Kat Lonsdorf

When Chase Hensel in Alaska daydreams about life returning to some type of normal, he thinks of his two granddaughters living in London.

Both are learning to ride bikes, and he envisions himself flying there to pedal with them along a local park.

So Hensel bought himself a foldable bike, one that would be easy to travel with once it feels safe again.

At a time when millions of Americans are unemployed, businessman Bill Martin has a head-scratching problem: He's got plenty of jobs but few people willing to take them.

"I keep hearing about all the unemployed people," Martin says. "I certainly can't find any of those folks."

Martin helps run M.A. Industries, a plastics manufacturing company in Peachtree City, Ga. The company makes products used in the medical industry — specifically, in things like coronavirus tests and vaccine manufacturing and development.

James McCombs was 13 years old in 2008 when he found out the money set aside for his college tuition was gone.

"I was old enough to know what was going on, and old enough to hear my parents' conversations," he remembers. "Old enough for them to tell me that the college fund was gone."

The fund had been tied up in the stock market, and it didn't survive the market crash sparked by the global financial crisis.

Protests exploded across Russia over the weekend, fueled largely by videos posted to social media, despite attempts by the Russian government to censor content across various platforms. The protesters braved extreme cold, police brutality and mass arrests, calling for the release of opposition leader Alexei Navalny, who was detained last week shortly after returning to the country.

Golfer Justin Thomas apologized for muttering a homophobic slur under his breath after he missed a putt during the Sentry Tournament of Champions in Kapalua, Hawaii on Saturday. The golfer said he was unaware that he even had said the slur until after the round was played.

Shortly after the incident, Thomas spoke with the Golf Channel, offering up an apology.

Former California Gov. Arnold Schwarzenegger posted a heartfelt video to Twitter on Sunday, recounting his childhood in Austria after World War II and denouncing the violent mob that overtook the U.S. Capitol on Wednesday.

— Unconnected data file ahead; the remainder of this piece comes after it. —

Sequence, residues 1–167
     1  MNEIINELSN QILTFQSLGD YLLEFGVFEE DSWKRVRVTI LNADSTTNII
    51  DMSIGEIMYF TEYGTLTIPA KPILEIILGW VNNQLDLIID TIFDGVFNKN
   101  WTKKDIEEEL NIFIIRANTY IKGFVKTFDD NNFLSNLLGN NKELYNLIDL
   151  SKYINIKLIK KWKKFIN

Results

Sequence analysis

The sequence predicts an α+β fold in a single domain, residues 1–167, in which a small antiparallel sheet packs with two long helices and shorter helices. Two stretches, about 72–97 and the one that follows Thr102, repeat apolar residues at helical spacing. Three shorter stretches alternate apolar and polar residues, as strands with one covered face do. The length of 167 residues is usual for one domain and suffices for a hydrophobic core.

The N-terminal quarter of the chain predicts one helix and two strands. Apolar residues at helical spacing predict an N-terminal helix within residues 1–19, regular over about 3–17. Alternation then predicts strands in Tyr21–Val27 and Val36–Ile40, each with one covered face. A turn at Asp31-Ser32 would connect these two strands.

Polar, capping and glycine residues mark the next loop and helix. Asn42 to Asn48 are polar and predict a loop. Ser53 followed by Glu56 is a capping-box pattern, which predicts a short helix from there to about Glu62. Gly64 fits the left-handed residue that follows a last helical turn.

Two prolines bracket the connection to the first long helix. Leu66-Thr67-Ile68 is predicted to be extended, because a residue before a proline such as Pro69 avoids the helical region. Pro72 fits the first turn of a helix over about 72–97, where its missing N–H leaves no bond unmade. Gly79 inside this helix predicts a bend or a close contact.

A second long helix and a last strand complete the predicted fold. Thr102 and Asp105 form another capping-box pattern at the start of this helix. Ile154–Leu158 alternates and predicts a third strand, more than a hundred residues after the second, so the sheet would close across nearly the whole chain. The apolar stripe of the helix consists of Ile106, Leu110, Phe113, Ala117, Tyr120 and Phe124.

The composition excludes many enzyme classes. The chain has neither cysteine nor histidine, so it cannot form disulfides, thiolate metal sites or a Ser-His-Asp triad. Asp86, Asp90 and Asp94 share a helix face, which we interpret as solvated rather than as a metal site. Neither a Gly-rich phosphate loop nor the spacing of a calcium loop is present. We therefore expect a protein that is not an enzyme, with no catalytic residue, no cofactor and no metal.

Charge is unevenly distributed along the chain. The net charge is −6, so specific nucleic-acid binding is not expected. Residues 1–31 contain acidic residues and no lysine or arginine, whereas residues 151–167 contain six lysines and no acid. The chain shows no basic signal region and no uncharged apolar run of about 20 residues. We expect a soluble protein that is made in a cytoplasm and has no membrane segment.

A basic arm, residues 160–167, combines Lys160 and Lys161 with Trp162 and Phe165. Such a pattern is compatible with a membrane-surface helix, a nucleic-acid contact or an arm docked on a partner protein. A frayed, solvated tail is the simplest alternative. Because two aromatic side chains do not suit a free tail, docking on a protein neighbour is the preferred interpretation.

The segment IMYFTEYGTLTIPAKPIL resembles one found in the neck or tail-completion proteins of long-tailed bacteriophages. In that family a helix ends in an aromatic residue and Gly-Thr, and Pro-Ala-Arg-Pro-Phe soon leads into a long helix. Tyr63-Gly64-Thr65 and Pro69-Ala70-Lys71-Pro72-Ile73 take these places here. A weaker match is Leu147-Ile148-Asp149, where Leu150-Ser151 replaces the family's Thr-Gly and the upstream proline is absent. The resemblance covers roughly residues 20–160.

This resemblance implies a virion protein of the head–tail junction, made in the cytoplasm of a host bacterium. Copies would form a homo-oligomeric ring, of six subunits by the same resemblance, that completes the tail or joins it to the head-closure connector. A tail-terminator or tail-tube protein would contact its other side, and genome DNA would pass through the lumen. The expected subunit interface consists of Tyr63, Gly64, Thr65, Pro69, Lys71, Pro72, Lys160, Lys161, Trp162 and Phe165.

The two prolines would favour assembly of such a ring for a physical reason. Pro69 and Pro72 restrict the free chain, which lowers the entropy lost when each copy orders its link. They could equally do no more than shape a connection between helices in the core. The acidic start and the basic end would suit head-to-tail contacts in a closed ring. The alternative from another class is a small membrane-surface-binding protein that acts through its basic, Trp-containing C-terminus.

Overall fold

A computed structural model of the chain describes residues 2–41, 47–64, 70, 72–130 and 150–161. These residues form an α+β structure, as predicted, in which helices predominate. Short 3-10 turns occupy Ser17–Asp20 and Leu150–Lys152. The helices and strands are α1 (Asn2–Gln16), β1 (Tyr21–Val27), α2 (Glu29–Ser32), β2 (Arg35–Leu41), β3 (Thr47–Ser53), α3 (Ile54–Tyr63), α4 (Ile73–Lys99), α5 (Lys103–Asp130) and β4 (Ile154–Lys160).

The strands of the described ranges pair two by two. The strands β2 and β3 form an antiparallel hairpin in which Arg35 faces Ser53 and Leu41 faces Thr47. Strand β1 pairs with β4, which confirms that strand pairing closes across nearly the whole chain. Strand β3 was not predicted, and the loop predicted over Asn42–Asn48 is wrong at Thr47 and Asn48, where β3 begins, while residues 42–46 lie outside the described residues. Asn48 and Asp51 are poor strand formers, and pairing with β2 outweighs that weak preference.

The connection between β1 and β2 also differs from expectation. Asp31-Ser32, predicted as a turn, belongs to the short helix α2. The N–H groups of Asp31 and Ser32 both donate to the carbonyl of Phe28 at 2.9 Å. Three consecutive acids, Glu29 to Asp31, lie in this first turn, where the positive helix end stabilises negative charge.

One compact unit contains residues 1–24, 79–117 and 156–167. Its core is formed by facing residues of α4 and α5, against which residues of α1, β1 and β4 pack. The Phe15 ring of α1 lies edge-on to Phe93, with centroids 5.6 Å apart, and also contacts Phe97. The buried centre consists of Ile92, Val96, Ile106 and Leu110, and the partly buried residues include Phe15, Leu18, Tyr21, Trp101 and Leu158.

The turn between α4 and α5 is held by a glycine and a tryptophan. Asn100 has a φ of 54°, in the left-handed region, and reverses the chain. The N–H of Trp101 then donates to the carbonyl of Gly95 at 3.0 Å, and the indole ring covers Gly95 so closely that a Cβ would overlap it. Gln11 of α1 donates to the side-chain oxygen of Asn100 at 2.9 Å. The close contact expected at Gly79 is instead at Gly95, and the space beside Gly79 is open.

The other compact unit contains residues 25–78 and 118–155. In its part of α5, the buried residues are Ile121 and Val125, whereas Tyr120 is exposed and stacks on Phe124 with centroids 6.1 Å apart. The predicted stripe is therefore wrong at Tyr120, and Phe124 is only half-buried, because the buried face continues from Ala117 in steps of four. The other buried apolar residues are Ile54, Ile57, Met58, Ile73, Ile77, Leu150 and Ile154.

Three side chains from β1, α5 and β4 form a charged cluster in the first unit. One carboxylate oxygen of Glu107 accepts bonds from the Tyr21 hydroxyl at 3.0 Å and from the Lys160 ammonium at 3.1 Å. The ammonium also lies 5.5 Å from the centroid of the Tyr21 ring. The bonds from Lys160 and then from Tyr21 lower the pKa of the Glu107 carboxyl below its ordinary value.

California hospitals are stretched to their limits as intensive care units fill up and COVID-19 cases continue to soar, leaving some facilities facing the prospect of not being able to provide critical care for everyone who needs it.

Across the country, public officials are urging people to stay home and stay safe during the upcoming Thanksgiving holiday amid a dramatic rise in new cases of COVID-19 in nearly every state.

Pacific Gas and Electric Company (PG&E) is shutting off power for approximately 361,000 customers in Northern California on Sunday to help prevent sparking wildfires amid extreme weather conditions. The utility says the shutoffs are affecting customers across 36 counties as weather forecasts predict wind gusts over 70 mph in some areas combined with dry conditions.

In downtown Namie, a small coastal city in eastern Fukushima prefecture, there was a chorus of construction noise this spring. Truck after truck rolled through, bringing workers to string up power lines and rip down deserted houses, rebuild structures and repave roads.

But at night, all was quiet — except in one small corner of a tiny strip mall. The faint sounds of music, laughter and maybe a hit of tambourine floated on the wind, traveling down empty sidewalks and deserted streets, leading to a karaoke bar in full swing.

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